Scientific evaluation of propolis and its products demonstrates antioxidant, antibacterial, antiviral, antifungal, anti-inflammatory, antitumoral, and wound healing properties of propolis; it stimulates tissue regeneration, wound healing, suppresses pain, and tumefaction [46]. Propolis is commonly used as a liquid extract in cosmetic and medicinal preparations because of its antiseptic, anti-inflammatory, and anesthetic properties. Complex varying qualitative and quantitative composition of propolis extracts is a recognized challenge in standardizing propolis products. Phenolic acids and their esters, flavonoids, aromatic alcohols and aldehydes, and terpenes are basic components of different origin propolis and their presence defines quality of propolis products as well as biological activity and possible application [7, 8]. Efficacy of topically applied products is resulting from ability of active components to diffuse into the skin from the applied carrier system. The intensity and the rate of skin penetration by propolis extract components depend on the physicochemical properties of individual compounds and on the structure and composition of the carrier system. The limited ability of propolis polyphenolic compounds (vanillic, caffeic, -coumaric, ferulic acids, and vanillin) to penetrate into the skin has been determined; thus the application of could be considered as potential solution for achieving improved delivery of propolis antioxidant components into skin [9].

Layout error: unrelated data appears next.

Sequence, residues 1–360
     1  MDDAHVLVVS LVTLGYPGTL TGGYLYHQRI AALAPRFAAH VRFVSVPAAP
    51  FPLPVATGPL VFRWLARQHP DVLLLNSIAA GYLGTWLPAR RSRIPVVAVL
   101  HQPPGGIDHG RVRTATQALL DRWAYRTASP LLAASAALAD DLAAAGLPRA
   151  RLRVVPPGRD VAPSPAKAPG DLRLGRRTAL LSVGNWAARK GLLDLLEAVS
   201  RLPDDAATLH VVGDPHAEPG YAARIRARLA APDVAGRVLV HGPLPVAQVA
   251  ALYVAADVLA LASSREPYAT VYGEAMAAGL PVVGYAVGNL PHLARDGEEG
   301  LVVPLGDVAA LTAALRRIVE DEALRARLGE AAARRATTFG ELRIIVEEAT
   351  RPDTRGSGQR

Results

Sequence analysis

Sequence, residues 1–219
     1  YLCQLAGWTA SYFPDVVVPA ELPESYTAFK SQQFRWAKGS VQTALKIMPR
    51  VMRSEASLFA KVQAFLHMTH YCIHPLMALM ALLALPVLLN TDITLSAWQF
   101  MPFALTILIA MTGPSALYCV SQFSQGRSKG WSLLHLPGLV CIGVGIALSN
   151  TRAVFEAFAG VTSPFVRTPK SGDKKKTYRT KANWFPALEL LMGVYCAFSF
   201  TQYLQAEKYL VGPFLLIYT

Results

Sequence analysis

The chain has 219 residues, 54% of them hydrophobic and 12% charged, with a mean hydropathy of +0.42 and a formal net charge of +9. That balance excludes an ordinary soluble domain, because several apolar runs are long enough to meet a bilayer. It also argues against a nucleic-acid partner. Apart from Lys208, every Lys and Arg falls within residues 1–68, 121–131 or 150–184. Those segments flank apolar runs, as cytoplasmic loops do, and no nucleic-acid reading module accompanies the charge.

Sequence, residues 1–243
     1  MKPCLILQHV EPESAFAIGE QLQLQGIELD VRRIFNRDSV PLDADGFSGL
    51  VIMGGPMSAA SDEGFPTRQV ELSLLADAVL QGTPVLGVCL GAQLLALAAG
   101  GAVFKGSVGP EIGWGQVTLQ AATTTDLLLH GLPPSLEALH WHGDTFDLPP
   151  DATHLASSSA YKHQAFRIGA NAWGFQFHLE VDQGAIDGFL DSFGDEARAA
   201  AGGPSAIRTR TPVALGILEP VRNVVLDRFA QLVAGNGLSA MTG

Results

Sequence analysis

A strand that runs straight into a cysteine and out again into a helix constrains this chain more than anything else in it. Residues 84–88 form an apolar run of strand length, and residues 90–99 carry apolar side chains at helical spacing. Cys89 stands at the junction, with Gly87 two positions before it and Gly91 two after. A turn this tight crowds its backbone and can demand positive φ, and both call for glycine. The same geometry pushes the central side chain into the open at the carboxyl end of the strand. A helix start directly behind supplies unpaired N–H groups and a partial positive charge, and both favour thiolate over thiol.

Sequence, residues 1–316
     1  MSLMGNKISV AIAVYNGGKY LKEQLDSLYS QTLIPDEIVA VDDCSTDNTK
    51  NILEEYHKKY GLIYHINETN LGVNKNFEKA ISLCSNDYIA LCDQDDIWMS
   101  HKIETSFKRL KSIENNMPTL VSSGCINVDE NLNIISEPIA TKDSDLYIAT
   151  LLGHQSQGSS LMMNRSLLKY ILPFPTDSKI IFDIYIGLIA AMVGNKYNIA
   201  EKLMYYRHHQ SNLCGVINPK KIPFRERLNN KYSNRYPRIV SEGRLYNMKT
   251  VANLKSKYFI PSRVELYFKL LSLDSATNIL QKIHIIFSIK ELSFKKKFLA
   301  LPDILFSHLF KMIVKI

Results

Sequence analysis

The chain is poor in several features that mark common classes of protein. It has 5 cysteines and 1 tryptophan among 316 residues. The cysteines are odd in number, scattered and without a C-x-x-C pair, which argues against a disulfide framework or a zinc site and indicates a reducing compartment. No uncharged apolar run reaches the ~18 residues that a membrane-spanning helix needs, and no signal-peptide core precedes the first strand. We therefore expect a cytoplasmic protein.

Cosmeceuticals are developed to enhance the health and beauty of skin and are classified as a category of products positioned between cosmetics and pharmaceuticals [10]. Protective cosmeceutical formulations should be both efficient and acceptable for consumer. The protective potential of biologically active components of propolis products could be enhanced by development of efficient delivery systems to transport required quantity of protecting compounds to the right site in the skin. Microemulsions are considered as promising carrier system for cosmetic active ingredients as they perform as efficient solubilizers for hydrophilic and lipophilic ingredients with high encapsulation capacity, improving product efficiency, stability, and appearance. They offer good cosmetic qualities and high hydration properties thus possibly enhancing skin penetration which may emphasize their importance in topical products [11]. Microemulsions are optically isotropic systems containing hydrophilic, lipophilic phases, and a mixture of surfactants. Thermodynamically stabile and transparent microemulsions are easily formulated systems with high diffusion and absorption rates. The low interfacial tensions of microemulsions provide excellent wetting properties ensuring good contact between formulations and the skin. The ingredients of microemulsions can effectively overcome the diffusion barrier and permeate the stratum corneum of the skin, offering efficient dermal and transdermal drug delivery [12]. The average droplet diameter in microemulsions could be in the range from 10 to 140 nm thus exhibiting properties of nanostructured systems. Appropriate selection of components for formulation of microemulsions can guarantee its biocompatibility, nontoxicity, and clinical acceptability.